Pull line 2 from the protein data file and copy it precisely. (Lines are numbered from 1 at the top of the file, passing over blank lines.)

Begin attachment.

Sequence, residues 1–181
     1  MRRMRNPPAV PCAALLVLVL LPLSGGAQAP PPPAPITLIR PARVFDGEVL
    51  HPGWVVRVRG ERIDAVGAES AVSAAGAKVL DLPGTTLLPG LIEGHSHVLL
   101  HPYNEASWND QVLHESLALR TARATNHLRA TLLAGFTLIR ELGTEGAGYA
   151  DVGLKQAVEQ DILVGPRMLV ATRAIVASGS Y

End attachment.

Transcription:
     1  MRRMRNPPAV PCAALLVLVL LPLSGGAQAP PPPAPITLIR PARVFDGEVL